Four ERISA plan participants, who participated in four different ERISA plans, commenced an ERISA class action against four of the nation’s largest pharmacy benefit managers (PBMs), alleging that the PBMs breached their fiduciary duties by failing to ensure that the plaintiffs and other plan participants received the benefit of discounts that the PBMs had negotiated

A federal district court in Texas referred to arbitration a 401(k) plan participant’s ERISA breach of fiduciary duty action based on allegations that certain plan investment options charged excessive fees.  In a two-page order, the court instructed the arbitrator to determine whether the arbitrator or a court should determine whether the class action waiver provision

A federal district court in Washington recently granted preliminary approval to a $6 million settlement of a mental health parity class action suit against Regence Blueshield.  Plaintiffs claimed that defendants routinely excluded and limited coverage of the essential therapies to treat children with developmental disabilities.  A fairness hearing is scheduled for September 11, 2015.  The

The Second Circuit ruled today in Parisi v. Goldman, Sachs & Co. that a plaintiff was required to arbitrate her Title VII claim even though it would effectively preclude her from pursuing a class claim in federal court or in arbitration. The issue of class action waivers is a subject of great debate in the

The Supreme Court’s decision in Wal-Mart Stores, Inc. v. Dukes impacted not only employment class actions but the viability of class certification in ERISA cases. The Supreme Court’s grant of certiorari last term in Comcast Corporation v. Behrend has the potential to similarly impact the future availability of class certification in ERISA actions. The Supreme Court granted Comcast’s petition for certiorari with respect to the following question on which the federal circuit courts have been divided since Dukes:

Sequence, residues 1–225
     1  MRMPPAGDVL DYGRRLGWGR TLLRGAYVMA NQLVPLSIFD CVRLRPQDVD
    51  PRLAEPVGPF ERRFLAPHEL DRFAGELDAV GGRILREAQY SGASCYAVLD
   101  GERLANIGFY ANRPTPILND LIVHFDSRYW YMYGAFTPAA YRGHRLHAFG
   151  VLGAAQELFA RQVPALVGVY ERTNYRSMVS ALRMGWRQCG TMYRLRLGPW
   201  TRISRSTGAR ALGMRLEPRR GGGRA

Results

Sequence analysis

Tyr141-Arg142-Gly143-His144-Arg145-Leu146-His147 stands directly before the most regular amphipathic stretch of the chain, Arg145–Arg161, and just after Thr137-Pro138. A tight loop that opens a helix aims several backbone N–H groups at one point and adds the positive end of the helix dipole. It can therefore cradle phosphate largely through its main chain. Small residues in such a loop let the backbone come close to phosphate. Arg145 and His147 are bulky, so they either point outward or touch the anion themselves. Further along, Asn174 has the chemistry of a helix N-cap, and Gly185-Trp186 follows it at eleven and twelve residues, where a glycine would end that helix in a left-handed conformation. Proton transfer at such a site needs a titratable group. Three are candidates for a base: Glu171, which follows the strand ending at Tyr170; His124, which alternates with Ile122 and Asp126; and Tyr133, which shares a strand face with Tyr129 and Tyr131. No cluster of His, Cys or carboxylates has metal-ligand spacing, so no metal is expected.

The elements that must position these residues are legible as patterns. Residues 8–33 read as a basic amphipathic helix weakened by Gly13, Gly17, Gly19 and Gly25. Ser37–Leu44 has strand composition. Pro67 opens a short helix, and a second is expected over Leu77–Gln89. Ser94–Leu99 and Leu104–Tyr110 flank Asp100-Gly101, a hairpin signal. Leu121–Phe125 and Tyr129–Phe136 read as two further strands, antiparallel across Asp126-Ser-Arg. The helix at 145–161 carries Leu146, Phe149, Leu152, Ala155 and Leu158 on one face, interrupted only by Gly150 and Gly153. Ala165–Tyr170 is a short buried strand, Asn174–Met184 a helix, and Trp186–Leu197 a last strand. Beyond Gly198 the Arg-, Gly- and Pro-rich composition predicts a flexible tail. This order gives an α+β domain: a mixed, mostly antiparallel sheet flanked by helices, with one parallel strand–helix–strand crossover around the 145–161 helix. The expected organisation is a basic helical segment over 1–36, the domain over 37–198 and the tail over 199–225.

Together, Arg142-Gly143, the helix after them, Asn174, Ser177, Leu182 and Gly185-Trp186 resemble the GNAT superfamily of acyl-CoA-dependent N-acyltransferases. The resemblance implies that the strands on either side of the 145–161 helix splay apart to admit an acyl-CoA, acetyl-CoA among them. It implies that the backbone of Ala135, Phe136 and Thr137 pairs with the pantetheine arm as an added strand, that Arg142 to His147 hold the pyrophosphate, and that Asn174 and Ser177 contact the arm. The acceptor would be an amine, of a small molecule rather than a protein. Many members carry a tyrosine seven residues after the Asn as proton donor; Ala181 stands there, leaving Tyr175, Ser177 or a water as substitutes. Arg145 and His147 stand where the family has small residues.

Whether a district court may certify a class action without resolving whether the plaintiff class has introduced admissible evidence, including expert testimony, to show that the case is susceptible to awarding damages on a class-wide basis.

Although Comcast is an antitrust lawsuit, the Supreme Court’s decision could affect certification decisions in ERISA class actions, since the evaluation of class certification motions in ERISA cases often involves an assessment of the parties’ respective expert analyses.

Experts have always played a significant role in complex class action litigation, including ERISA lawsuits, but the courts’ views as to the role of experts at the class certification stage were inconsistent at best. The Supreme Court’s decision in Dukes arguably affected the analysis, insofar as the Court set forth a “significant proof” standard for satisfying Fed. R. Civ. P. 23. As part of the “significant proof” discussion, the Supreme Court stated in dicta that the admissibility standard for expert evidence set forth in Daubert v. Merrell Dow Pharmaceuticals Inc.,[1] should apply at the class certification stage. After Dukes, the circuit courts have divided on whether a ruling on the admissibility of expert evidence is a prerequisite to a class certification ruling. The Supreme Court’s ruling in Comcast should resolve this split and, in so doing, significantly impact the outcome of class action litigation, including ERISA litigation.